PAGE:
The transfer is largely effective, with daytime scenes yielding an impressive level of detail, the heavy, neutral colour scheme mixed to a satisfyingly bleak consistency. Darkness casts a distinct layer of mugginess over the picture, thanks to some excessive banding and black crush, but this seems to fit the films moody tone rather than to detract from the overall visual experience. It€™s definitely not without flaws, but when you factor in the films meagre budget (£75,000), it€™s almost entirely forgivable. Sound Quality


Tyrannosaur€™s DTS-HD Master Audio track makes for a consistent, if not overly impressive aural experience. It€™s no sin however, as again this can be attributed to budgetary constraints. That said, the sound is accomplished enough insofar as the fact that everything is exactly where it should be in the mix. You€™ll never, for example, miss a line as a result of a poorly mixed barking dog, but neither will you be transfixed by the intimacy of a character€™s breath. Special Features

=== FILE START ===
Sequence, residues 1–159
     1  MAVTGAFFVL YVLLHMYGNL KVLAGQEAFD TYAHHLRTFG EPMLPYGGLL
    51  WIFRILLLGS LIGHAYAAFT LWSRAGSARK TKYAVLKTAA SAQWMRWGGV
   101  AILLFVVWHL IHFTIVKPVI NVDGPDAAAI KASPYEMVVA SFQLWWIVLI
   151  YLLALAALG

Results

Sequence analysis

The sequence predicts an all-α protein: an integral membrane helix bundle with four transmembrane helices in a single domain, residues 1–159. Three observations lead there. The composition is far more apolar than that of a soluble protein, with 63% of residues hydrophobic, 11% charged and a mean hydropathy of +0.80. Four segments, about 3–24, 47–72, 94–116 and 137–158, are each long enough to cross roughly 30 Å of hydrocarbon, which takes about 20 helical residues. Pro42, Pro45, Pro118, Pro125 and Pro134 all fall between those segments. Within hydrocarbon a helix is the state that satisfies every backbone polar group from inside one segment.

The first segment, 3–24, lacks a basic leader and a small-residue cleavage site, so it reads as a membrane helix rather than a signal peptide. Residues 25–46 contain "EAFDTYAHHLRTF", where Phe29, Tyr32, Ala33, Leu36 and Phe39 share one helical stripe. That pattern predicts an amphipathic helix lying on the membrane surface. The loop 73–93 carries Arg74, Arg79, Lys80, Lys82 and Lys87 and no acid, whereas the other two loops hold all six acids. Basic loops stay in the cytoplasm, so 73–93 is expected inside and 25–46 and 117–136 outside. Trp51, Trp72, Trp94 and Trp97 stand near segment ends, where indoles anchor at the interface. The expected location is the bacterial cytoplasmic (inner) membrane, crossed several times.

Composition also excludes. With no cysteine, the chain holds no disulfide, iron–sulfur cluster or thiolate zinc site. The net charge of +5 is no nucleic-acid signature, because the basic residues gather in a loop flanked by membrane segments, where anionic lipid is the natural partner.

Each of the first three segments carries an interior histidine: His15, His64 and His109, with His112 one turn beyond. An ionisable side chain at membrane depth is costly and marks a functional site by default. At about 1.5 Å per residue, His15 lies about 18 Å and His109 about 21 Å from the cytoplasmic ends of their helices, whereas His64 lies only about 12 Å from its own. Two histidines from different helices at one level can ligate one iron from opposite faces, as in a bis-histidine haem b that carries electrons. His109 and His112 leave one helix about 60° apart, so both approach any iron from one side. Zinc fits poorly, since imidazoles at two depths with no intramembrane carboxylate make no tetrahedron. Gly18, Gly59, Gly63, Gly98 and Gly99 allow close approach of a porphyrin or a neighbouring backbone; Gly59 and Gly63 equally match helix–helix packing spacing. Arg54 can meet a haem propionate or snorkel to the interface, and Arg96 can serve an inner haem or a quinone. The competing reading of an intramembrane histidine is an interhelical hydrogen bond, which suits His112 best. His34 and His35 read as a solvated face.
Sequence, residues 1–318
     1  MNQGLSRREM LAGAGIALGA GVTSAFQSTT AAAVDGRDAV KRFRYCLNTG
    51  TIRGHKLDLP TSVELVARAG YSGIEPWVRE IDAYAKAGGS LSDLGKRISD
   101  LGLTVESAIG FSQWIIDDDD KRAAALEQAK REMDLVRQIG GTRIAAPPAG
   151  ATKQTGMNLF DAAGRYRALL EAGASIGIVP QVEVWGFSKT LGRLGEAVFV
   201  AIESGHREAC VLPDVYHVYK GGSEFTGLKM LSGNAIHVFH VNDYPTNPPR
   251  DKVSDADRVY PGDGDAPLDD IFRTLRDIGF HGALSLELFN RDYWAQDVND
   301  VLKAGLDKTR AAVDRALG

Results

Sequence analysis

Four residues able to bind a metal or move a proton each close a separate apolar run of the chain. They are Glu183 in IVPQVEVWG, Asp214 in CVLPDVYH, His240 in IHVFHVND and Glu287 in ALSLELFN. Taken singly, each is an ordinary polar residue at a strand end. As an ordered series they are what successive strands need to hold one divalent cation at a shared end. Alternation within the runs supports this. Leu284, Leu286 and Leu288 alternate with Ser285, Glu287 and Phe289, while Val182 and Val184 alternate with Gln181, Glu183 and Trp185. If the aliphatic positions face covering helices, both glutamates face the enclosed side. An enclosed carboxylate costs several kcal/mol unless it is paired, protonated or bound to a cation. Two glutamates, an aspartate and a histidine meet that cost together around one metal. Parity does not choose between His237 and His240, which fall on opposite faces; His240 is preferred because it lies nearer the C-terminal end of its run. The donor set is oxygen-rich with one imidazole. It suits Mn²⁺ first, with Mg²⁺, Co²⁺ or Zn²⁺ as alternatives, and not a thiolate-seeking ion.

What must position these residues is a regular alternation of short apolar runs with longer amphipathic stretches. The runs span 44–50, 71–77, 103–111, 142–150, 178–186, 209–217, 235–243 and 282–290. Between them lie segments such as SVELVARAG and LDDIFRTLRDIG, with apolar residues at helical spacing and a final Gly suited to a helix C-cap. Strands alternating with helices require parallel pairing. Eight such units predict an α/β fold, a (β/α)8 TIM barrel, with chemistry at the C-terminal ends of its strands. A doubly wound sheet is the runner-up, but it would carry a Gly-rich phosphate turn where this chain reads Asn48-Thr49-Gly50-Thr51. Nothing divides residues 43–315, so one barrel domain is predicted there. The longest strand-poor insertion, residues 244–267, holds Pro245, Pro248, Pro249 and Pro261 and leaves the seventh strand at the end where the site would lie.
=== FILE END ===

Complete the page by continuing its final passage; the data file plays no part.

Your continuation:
Along with a revelatory commentary track provided by Considine and producer Diarmid Scrimshaw, there€™s also a deleted scene reel, and a promo gallery. Perhaps the most important extra feature though, is the inclusion of €˜Dog Altogether€™, the short on which Tyrannosaur is solely based. There€™s not an awful lot on offer, but what€™s available is deep and honest enough to be considered prime companions to the movie. Overall


With the films sparse budget in mind, Tyrannosaur€™s Blu-ray release is a resounding triumph. Any niggling issues with the audio/visual quality is offset immediately by the quality of the film itself, the love, dedication and skill that birthed it€™s production and its inherent importance to the British film industry in its time of economic distress. Make no mistake, by buying this Blu, you€™re supporting a scene that needs it; and, if it can produce such vital, affecting pieces of cinema such as Tyrannosaur, deserves it too. Tyrannosaur is available now on Blu-ray.

Stuart believes that the pen is mightier than the sword, but still he insists on using a keyboard.